Plath's Boston apartment, 1996
At the time of her death, Plath was a New England girl, living in Old England, the land of her cheating husband. She had two young kids. She was alone, isolated. She'd had a sinus infection and it was the worst, coldest, longest winter England had seen in a century that February 11, 1963.

There came a day, when I had two young kids and we lived in Pullman and we were looking for something to do in the cold and we went, as we often did, to Br-used Books. As we meandered towards the children's section at the far back of the store, I would slowly zig-zag from section to section, lusting after all I could not fit for that brief moment (which felt like eons on some days) in to my life. Finally we would arrive in the little children's literature room in the back, lit by florescent tubes. Coyote ate board books and Blue "read" bigger books and I looked for something to fill the evenings with as we still didn't have a TV and had yet to instituted the "3 books before bed maximum" rule. There was always the library, but by the time all my library fees were tallied, I might as well have just bought the damn books. One board book had one word on each page. I paid $.50 a word in library fines.

There we sat on the floor together, feasting on a picnic of words and pictures. And suddenly, a paperback, so flimsy even the cover was thin as old newspaper, floated into my hands. The Bed Book. The last piece in my collection. I'd stopped looking long ago, of course. Young kids being what they are, plus working. I'd lost touch with my hobbies, with large parts of myself as mothers sometimes do, for a time. I'd not expected this final piece to ever slide in to place. And here it was, like magic, falling open effortlessly upon my lap.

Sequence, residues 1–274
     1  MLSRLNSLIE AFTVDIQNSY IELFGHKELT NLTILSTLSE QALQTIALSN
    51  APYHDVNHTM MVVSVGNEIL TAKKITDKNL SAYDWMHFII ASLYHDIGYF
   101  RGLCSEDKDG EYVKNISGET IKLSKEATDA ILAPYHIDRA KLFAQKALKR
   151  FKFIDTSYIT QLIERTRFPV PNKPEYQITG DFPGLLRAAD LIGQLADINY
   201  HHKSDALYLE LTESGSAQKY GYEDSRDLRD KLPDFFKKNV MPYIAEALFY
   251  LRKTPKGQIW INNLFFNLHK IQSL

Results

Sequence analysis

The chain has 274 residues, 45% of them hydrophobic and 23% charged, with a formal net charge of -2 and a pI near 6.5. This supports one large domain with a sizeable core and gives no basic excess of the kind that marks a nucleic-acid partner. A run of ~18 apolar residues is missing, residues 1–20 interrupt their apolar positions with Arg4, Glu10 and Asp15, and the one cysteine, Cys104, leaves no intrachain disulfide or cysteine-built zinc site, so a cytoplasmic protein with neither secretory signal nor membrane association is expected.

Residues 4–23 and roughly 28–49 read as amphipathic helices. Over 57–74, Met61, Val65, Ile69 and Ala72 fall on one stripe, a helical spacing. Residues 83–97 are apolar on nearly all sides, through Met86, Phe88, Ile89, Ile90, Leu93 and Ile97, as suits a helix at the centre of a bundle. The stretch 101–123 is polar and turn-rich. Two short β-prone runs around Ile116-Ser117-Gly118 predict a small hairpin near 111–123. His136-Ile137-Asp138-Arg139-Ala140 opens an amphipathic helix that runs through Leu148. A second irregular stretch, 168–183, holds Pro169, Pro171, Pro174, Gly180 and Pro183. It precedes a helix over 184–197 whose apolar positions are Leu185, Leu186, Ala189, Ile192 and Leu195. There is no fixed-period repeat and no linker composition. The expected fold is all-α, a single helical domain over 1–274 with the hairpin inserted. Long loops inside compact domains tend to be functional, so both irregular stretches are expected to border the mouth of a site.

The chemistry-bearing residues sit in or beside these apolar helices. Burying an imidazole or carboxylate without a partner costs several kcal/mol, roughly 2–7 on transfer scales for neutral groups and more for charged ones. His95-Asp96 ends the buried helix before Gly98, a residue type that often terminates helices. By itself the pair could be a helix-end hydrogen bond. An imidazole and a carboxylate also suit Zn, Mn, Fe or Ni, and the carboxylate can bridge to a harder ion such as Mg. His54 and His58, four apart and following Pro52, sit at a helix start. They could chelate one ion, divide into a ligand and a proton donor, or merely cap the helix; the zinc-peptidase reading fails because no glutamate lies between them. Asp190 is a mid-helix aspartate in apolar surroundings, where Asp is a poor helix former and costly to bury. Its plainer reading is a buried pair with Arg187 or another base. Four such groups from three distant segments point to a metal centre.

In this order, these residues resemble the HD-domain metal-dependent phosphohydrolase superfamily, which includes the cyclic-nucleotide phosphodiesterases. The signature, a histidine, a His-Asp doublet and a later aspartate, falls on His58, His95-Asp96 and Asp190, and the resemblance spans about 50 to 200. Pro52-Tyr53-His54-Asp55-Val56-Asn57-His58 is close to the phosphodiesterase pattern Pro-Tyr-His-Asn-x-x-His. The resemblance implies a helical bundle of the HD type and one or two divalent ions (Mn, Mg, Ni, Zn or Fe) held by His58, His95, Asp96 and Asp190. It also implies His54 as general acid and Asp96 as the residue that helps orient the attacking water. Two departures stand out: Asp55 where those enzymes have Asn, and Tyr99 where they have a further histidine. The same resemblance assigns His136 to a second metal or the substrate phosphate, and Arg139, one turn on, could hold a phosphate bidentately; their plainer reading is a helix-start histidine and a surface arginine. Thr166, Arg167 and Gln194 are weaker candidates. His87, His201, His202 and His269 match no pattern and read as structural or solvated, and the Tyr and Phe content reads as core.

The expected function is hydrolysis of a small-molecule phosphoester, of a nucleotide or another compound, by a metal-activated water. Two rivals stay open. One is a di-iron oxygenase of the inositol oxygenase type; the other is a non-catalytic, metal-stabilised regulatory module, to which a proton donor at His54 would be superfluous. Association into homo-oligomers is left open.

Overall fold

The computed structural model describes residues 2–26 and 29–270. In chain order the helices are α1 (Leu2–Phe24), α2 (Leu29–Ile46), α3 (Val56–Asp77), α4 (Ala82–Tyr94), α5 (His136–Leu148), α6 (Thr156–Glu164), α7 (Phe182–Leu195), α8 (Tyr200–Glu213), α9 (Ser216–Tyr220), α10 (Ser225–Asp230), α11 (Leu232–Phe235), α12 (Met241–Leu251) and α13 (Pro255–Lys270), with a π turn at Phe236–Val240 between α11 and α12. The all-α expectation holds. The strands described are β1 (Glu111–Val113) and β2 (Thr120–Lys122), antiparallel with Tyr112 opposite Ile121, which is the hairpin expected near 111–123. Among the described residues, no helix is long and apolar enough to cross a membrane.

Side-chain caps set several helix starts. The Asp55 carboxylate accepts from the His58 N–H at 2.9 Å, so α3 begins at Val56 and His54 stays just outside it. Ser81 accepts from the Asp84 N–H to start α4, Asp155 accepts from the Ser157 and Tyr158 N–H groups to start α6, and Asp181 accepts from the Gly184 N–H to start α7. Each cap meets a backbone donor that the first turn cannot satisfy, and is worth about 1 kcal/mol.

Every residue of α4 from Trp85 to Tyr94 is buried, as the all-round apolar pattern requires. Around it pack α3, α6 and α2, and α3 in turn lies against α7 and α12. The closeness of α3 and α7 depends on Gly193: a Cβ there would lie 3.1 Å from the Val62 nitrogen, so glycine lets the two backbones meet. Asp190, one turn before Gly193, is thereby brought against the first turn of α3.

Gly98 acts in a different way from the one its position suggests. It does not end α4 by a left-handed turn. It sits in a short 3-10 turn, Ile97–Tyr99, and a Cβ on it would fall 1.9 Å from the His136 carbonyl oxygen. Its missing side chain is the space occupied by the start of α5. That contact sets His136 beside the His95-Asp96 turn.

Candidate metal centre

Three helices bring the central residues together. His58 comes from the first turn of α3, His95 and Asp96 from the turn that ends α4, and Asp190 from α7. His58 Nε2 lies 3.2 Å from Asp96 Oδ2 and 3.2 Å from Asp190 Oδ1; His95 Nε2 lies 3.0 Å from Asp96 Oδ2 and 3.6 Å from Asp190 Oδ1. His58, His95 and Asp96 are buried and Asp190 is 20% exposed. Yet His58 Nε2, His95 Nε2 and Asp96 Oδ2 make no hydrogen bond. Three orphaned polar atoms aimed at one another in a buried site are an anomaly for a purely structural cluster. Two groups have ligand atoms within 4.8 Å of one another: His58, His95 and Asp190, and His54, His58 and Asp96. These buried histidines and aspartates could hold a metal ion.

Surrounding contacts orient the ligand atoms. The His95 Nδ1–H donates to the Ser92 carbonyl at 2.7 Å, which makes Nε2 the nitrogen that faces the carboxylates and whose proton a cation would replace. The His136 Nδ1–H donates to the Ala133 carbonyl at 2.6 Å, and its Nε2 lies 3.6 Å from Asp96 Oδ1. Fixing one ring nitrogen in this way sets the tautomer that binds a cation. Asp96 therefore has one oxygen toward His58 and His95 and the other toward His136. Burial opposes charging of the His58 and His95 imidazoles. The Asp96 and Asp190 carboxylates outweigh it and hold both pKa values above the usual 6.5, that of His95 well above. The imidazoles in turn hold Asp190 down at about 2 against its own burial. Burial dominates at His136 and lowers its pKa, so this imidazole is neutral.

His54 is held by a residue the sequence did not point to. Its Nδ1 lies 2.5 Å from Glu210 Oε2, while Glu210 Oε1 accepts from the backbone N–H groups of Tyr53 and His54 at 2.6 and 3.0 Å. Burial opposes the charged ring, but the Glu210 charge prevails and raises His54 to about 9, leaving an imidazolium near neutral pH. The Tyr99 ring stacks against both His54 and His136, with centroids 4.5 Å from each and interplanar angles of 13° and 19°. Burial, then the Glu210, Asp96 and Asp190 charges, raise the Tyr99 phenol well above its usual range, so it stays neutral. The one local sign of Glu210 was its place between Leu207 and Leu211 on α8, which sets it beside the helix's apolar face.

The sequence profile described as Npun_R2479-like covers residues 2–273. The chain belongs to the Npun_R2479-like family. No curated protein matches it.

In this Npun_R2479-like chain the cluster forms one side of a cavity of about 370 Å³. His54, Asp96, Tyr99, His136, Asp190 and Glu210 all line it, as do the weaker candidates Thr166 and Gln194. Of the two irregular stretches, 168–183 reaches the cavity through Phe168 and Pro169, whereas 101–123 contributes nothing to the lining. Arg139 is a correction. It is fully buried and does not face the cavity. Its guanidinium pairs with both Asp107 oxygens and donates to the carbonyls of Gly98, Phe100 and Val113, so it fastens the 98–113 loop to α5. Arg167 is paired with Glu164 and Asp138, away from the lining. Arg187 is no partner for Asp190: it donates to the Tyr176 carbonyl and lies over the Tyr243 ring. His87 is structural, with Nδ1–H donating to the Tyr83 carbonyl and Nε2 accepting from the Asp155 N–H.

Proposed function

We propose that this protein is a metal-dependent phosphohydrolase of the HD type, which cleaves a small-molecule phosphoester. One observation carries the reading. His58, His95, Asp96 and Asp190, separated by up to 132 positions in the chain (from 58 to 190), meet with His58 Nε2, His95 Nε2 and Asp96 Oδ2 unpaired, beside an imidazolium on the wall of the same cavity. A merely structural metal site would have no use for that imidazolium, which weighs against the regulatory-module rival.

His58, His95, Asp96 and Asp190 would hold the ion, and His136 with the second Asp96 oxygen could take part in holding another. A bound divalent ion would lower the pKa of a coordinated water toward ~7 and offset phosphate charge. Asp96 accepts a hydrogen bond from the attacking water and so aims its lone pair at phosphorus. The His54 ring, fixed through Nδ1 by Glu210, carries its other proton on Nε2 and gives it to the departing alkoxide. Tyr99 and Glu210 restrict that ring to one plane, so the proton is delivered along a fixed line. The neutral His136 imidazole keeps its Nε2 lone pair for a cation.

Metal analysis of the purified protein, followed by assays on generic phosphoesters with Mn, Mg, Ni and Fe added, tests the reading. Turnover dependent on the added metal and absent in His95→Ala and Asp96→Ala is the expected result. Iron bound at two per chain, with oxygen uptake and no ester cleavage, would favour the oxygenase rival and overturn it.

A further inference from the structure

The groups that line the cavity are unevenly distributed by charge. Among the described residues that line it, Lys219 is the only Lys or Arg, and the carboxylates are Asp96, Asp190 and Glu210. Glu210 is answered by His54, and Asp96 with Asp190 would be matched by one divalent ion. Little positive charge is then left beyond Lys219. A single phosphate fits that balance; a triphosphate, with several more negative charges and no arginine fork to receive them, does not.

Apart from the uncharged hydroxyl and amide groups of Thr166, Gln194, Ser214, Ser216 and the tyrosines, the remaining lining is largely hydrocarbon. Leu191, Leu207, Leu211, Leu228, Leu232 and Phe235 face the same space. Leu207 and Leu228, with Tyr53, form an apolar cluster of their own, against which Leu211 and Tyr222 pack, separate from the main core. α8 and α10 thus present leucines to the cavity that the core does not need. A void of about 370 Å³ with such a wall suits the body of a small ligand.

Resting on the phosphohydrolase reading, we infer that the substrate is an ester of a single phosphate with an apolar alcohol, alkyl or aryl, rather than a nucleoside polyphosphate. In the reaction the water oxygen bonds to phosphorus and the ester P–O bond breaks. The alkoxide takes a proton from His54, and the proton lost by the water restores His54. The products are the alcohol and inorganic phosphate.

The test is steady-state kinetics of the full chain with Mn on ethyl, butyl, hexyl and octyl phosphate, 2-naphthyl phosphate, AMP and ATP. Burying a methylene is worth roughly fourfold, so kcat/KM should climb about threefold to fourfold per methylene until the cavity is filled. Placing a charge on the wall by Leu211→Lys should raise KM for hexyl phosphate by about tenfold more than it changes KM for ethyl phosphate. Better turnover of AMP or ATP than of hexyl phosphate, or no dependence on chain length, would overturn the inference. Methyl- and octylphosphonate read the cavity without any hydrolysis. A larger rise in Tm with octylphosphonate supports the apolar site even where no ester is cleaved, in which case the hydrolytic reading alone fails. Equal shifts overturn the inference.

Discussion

I called Blue over and began reading it to her. It was not engaging and she soon toddled back to whatever she'd been engrossed in before. When Plath had written it, the world was still coping with "Dick and Jane" books, so it was probably interesting by comparison. But today, with authors like Audrey Wood, it can't hold up. The price was penciled in at $6, which was a song for the collectible but which felt like a lot to us then, a student family on food stamps and child care assistance, and me working more than I wanted to. Plus, Blue was amassing a pile of books in her arms and I couldn't buy every thing.